Articles - Current issues in monetary policy - speech by Paul Fisher


 In a speech delivered today, MPC member Paul Fisher discusses some of the challenges associated with setting monetary policy over the past three years.

 Speaking at The Global Borrowers & Investors Forum in London, he says that it is necessary "...to look at the source of the shocks to understand their inflationary consequences and judge the appropriate policy prescriptions".  He argues that the persistently elevated rates of CPI inflation over the past two years have reflected three real relative price shocks - the rise in VAT, increases in global commodity prices, and fall in sterling since mid-2007.  Paul Fisher believes that there is no simple solution to dealing with these real shocks, noting that changing the MPC's remit or amending the inflation target would not magic away the problem. "The unfortunate and difficult truth is that the shocks that have hit the economy recently have not been caused by monetary conditions.  They are real economy shocks which make us individually and collectively worse off - we have to pay more tax, we have to pay more, in real terms, for petrol, gas, electricity and imported goods or services."

 Paul Fisher discusses how the best policy prescription for these relative price shocks is to allow the one-off price level effects to feed through into higher prices, but to make sure that there are no second-round effects so that inflation subsequently returns to target.  He notes how: "The MPC are trying to set the best path back to the inflation target, but even the best path is an extremely uncomfortable one."  And that responding by tightening policy would have "...only injected extra volatility to inflation".  Importantly, the real adjustment in wages would have been unavoidable even with the benefit of perfect foresight.

 He then moves on to discuss the role of modelling and forecasting in policy making.  Paul Fisher explains that because economic models can only ever provide a rough approximation of reality, practical policy making comes down to a problem of decision making under uncertainty.  He argues that "...the one, indeed the only, thing we know for certain about any forecast of the economy is that it will be precisely wrong.  That is also why the MPC puts little weight on its central projection, and chooses to communicate its judgments to the public by focusing on the range of possible outcomes and the balance of risks, as summarised in the fan chart."  He notes that the important question "...is not whether we got the central projection right but whether we set the right policy, given what we knew at the time".  He concludes: "I do not think I have heard many argue that we should have done something materially different with policy during the depths of the recession in 2009 in order to generate a different outcome for inflation now."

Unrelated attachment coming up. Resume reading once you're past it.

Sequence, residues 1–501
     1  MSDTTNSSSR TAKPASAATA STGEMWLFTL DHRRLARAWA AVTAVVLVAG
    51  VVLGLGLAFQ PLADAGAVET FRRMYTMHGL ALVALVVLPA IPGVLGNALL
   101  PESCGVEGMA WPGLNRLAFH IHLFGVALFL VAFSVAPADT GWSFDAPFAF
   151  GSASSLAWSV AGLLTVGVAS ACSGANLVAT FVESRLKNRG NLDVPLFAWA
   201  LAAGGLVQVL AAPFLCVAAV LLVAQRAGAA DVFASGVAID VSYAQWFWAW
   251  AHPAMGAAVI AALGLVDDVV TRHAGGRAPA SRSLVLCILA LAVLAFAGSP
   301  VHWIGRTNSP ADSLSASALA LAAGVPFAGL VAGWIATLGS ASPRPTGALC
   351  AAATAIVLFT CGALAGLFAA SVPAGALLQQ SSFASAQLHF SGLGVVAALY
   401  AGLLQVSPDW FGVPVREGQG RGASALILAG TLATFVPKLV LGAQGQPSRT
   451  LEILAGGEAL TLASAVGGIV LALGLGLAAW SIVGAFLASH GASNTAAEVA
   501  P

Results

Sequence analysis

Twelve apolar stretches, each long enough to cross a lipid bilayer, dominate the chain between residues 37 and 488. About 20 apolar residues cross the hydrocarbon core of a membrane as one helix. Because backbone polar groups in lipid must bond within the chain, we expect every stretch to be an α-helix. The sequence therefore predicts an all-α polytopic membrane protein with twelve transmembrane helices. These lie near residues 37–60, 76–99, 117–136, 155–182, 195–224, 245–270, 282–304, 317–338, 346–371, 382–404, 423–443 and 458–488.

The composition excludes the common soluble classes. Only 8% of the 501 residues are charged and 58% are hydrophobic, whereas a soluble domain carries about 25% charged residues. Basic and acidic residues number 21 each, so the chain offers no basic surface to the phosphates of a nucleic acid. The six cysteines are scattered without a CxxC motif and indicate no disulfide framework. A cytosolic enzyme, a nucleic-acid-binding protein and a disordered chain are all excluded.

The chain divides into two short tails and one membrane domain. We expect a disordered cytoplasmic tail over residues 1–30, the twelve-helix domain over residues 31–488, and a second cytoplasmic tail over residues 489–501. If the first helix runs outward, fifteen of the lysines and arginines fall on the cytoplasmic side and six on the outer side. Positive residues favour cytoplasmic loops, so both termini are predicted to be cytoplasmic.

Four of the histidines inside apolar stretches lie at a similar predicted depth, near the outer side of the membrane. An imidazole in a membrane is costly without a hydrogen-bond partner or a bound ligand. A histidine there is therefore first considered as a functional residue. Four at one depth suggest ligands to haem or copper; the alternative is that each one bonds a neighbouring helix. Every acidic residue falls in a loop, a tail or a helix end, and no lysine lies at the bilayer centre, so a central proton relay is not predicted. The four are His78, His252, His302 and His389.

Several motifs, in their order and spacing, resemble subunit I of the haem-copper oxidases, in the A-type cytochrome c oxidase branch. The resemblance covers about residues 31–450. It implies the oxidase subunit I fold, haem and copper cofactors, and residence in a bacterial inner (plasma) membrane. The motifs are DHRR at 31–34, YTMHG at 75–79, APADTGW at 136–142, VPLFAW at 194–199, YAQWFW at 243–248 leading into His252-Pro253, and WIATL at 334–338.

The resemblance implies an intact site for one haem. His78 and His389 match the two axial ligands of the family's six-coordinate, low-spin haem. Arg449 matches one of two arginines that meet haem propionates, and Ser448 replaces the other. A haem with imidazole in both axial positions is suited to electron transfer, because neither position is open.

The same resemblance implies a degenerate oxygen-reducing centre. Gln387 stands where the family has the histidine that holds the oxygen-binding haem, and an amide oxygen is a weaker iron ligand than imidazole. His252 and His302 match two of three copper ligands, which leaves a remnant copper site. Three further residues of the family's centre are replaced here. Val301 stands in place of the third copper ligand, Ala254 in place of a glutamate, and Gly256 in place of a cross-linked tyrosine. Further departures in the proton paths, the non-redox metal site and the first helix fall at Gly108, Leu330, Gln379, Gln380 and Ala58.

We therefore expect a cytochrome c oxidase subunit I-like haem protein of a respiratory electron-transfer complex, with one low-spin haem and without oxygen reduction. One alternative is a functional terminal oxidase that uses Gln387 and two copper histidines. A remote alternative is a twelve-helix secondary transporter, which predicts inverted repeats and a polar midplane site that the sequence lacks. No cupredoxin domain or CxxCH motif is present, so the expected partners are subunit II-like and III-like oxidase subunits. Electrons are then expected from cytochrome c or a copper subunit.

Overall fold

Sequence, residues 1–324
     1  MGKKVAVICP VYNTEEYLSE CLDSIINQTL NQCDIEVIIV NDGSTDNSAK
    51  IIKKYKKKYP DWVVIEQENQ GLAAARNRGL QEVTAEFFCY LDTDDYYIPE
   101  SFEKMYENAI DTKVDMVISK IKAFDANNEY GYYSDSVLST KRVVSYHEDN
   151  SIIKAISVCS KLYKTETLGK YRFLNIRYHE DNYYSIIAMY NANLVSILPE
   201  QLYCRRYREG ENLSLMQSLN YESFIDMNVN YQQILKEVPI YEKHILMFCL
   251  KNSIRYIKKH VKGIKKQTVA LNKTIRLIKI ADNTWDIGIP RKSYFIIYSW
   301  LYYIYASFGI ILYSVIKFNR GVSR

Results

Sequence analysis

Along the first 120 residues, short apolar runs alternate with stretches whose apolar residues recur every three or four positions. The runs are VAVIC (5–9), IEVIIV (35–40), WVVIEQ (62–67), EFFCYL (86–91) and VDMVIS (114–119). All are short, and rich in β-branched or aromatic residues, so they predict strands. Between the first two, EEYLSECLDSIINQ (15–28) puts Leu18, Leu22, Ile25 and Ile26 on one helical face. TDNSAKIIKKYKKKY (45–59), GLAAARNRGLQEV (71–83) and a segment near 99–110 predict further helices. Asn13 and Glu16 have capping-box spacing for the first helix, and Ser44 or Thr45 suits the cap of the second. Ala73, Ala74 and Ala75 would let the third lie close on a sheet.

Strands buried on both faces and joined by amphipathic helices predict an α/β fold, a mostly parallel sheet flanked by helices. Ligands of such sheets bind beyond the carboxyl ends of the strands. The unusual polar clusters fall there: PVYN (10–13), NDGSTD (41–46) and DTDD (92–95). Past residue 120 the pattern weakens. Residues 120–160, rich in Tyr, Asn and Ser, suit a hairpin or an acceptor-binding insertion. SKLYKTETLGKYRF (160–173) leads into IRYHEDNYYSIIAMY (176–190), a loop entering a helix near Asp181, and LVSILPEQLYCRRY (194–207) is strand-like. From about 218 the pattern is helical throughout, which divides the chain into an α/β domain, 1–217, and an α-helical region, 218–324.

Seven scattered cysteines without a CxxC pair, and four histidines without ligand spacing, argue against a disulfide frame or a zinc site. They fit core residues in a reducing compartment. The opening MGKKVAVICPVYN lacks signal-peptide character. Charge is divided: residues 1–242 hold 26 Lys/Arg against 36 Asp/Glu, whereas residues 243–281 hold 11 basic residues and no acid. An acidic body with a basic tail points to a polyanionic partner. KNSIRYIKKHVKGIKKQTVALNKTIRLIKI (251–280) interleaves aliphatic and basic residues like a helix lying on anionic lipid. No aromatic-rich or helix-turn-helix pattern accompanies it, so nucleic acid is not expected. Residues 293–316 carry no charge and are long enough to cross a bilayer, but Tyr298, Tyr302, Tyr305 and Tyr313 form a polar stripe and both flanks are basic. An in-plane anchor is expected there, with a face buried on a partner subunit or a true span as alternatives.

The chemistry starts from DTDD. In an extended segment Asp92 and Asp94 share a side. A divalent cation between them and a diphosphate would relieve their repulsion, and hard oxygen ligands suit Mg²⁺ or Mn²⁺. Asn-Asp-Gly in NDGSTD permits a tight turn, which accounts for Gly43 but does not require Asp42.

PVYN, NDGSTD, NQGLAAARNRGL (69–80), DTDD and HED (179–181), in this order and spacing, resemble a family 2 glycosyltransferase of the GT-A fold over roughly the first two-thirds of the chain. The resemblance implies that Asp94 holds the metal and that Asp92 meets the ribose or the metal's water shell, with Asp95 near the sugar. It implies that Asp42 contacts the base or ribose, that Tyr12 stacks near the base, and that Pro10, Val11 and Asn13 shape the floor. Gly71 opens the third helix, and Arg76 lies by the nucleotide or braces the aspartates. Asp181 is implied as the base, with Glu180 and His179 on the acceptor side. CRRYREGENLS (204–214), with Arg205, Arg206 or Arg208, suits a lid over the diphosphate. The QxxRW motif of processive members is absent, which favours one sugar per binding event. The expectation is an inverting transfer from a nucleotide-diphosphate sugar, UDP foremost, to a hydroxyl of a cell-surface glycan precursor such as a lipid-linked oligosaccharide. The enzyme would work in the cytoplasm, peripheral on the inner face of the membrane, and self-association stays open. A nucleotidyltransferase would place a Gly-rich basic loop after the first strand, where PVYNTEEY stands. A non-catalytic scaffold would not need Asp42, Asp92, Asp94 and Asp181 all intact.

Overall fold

Back to Index


Similar News to this Story

Skilled actuaries required
Since the upheaval of pension freedoms in 2015 when drawdown rules were relaxed and annuity sales declined, the role of actuaries in the DC space ha
A step change is expected for DB pension scheme funding
Mike Smedley, Pensions Partner at KPMG in the UK discusses some of the changes expected for DB pension scheme funding in 2019
What does the ideal actuarial consultant look like
We recently published our Navigating Change report, which looks at the changing role of the actuarial consultant. One issue that struck me was the wid

Site Search

Exact   Any  

Latest Actuarial Jobs

Actuarial Login

Email
Password
 Jobseeker    Client
Reminder Logon

APA Sponsors

Actuarial Jobs & News Feeds

Jobs RSS News RSS

WikiActuary

Be the first to contribute to our definitive actuarial reference forum. Built by actuaries for actuaries.